This argument is soooo tired, no-one complains about paying twice as much for a Porche Boxster or a TT than a Ford Focus, sure they are all worthy cars that do much the same thing, but which one do you really want?

    Apple build thoroghbred specialist machines for people who demand great design, innovation and system integration in a package that doesn't fall over when the dog farts, if you want to pay peanuts you'll get a machine for monkeys.

    My PC music/video friends pay a heavy price for their platform, exactly as we do for ours, and they have to use Windoze... :eek:

    If you want a Mac, buy one, if you can't afford it, save some money. I want a Boxster S, I can't afford one, so I'm saving. This doesn't make Porche a bad company for building great cars.

    Macs are the Porches of the computer world, Dell et al are the Fords, that's it, get over it. ;) :D
     
  8. thread starter macrumors regular

    Joined:
    Oct 26, 2003
    Location:
    England, UK
    #8
    I understand that, but Apple can't expect to sell eMacs to any 'new' switchers.

    What I'm also complaining about is the fact that Apple doesn't do price drops - while I understand they have higher R&D costs than others, they don't take advantage of scale. The first iMac was a great success because it was cheap. I don't care if they are the porsches of the world, most people don't see it that way and they would rather have a Dell with a monitor, print, scanner, and nearly twice the speed (going off the spec sheets) than an all in one that can never be upgraded (apart from RAM - which is not even DDR yet!!!).

    Their laptops are priced much more competitively, and I do see a few mac laptop users around. The desktop lineup sucks at the moment, and Apple isn't going to be able to rely on the G5 being the worlds fastest computer if they don't get it to 3ghz - Intel and AMD are at their heels with the AMD64...
     
  9. macrumors G3

    Joined:
    Mar 9, 2002
    #9
    it wasn't that cheap... ;)
     
  10. Moderator emeritus

    WinterMute

    Joined:
    Jan 19, 2003
    Location:
    London, England
    #10
    Everyone has the choice, if you don't like the range or the price don't buy a Mac, go buy a Dull and struggle with Windoze and a bog-standard machine, the Ghz argument isn't nearly as persuasive when faced with the level of system integration that Apple offer to the creative industries.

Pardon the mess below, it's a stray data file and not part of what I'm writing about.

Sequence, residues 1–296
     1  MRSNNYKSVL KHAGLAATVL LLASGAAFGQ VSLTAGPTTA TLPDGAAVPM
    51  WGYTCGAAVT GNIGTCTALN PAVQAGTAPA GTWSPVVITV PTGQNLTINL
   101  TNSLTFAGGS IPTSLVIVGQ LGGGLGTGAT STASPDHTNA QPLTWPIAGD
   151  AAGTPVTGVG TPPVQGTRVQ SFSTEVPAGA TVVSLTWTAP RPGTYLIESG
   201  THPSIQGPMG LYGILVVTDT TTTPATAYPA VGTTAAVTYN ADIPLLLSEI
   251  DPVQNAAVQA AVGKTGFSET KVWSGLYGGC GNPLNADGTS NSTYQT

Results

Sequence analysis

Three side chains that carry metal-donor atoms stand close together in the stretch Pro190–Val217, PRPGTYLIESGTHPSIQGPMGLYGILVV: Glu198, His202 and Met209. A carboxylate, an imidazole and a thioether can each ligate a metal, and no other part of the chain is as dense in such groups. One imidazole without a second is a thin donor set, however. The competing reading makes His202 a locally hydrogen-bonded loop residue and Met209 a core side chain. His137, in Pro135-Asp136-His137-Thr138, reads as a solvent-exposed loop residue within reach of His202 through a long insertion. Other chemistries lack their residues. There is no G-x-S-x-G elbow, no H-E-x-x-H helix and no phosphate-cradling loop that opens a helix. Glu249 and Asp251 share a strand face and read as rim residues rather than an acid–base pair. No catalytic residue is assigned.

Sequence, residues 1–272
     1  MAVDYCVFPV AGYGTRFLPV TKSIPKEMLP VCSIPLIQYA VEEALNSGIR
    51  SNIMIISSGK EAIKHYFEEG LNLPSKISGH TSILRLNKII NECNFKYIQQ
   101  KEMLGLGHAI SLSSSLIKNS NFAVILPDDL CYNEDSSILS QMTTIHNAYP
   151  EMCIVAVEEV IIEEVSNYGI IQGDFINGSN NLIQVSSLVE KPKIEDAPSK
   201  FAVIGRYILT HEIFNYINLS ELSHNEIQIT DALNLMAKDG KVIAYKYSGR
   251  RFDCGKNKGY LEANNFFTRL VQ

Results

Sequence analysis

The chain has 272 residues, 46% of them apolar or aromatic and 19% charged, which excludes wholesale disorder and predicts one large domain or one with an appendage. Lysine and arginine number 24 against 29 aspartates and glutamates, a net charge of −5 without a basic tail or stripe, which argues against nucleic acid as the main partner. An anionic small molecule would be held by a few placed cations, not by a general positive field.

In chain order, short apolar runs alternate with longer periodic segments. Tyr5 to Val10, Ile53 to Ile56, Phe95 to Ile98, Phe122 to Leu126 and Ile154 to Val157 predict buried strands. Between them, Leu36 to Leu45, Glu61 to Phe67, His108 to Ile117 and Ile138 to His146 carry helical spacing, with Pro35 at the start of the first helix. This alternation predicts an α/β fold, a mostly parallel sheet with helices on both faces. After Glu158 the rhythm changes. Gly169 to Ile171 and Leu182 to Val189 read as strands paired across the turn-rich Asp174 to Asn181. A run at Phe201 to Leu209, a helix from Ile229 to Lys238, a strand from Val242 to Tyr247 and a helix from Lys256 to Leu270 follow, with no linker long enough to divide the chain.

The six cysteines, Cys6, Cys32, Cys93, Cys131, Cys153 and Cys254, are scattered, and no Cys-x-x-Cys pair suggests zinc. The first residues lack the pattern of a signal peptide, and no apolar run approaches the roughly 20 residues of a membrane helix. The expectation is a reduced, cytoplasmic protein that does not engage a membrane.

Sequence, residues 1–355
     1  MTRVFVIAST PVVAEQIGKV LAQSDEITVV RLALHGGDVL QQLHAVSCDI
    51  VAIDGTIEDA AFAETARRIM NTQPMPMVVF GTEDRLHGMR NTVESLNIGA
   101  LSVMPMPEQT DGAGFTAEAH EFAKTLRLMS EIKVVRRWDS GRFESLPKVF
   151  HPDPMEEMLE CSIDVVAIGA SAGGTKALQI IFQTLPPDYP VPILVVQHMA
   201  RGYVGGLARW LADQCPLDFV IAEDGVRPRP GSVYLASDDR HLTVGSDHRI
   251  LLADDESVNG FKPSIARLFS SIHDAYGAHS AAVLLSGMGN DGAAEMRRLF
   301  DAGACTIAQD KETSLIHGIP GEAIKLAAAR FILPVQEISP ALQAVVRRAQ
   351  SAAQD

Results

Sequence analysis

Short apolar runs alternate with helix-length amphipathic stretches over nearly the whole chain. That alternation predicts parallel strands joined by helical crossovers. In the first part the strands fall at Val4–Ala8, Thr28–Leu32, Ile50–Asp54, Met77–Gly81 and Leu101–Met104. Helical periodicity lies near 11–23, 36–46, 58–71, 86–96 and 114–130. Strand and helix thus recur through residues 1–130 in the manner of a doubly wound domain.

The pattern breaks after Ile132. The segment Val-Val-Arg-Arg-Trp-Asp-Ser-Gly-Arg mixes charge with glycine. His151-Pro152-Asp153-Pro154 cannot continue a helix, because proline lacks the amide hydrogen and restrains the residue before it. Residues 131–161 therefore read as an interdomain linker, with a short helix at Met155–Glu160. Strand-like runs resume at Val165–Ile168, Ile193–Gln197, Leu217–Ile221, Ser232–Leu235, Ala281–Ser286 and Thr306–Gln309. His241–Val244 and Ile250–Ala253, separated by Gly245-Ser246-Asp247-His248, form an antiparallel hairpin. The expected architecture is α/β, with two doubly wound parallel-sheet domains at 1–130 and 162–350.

Nearly all of my students (around 500) want to use Macs, the G5's rock for video and audio, and they only use PC's because they can't afford Apple prices.... but when they can, they will.

    It's an aspirational thing, Jobs understands that more than anything I think, build something special and sell it at a high price, then let people want it enough to strive for it.

    Most people wouldn't benefit from using a Mac, your average computer user is well serviced by the mass-market, and good luck to them. I wouldn't want to try to do what I do on a PC, I love the Mac ethic and I'll pay for it.

    You really do get what you pay for.
     
  11. macrumors 6502

    Joined:
    Feb 25, 2004
    #11
    If you go the Apple store site - where you can both browse their entire product range, and buy - it asks you before entering whether you want the Ireland store of the UK store. The store is eminantly browsable, with full descriptions et al, so try that.

    Save even more and buy a 911 - it's no secret that people buy Boxsters because they can't afford 911's! :) JK though - they're a kick a** car.

    I do think, to a large extent, it's a UK thing - here in Northern Ireland, I believe there is one official Apple reseller, and one vendor - PC World (UK). Very few people have Macs here - largely due to the great absence of Apple retail outlets meaning that your average family walking around a city centre won't see a Mac shop - even less any form of Mac advertising. There is, effectively, none. Apple can rely on reputation to sell products, once its reputation is known to a loyal minority - here in the UK, there is a very, very small minority.

    peace.
     
  12. Guest

    caveman_uk

    Joined:
    Feb 17, 2003
    Location:
    Hitchin, Herts, UK
    #12
    I know two other people that have a mac. They both have one 'cos I showed 'em mine...my ibook that is.
    :D
     
  13. thread starter macrumors regular

    Joined:
    Oct 26, 2003
    Location:
    England, UK
    #13
    Ok some more points:

    1) WTF is this conception that dell == windows?! I know a lot of people who run Linux very will on their Dell PCs. There is a lot of great software for Linux and WINE can run a lot of windows software and nearly all major games (a lot better than the current arragment with Mac gaming - twice the price and 2 years late) as fast, if not faster than on Windows.